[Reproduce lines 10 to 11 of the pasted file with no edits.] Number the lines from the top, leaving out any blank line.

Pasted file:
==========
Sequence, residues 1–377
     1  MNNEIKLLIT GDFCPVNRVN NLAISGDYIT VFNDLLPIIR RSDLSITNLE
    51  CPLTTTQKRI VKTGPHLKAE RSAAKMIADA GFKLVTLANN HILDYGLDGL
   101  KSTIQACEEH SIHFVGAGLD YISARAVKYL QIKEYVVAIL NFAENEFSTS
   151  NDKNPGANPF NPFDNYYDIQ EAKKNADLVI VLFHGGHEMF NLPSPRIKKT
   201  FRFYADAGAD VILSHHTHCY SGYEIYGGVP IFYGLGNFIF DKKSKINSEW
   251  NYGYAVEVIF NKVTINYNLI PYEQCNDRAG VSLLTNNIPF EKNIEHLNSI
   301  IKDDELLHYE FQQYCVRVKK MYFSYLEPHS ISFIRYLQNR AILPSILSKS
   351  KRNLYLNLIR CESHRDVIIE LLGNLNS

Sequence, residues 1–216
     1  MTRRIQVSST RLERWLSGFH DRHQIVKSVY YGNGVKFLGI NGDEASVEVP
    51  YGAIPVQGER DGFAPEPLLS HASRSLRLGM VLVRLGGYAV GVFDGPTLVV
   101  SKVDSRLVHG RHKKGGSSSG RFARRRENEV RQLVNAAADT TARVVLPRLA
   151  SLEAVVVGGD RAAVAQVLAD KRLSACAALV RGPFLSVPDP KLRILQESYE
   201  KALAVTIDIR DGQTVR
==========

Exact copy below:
Sequence, residues 1–216
     1  MTRRIQVSST RLERWLSGFH DRHQIVKSVY YGNGVKFLGI NGDEASVEVP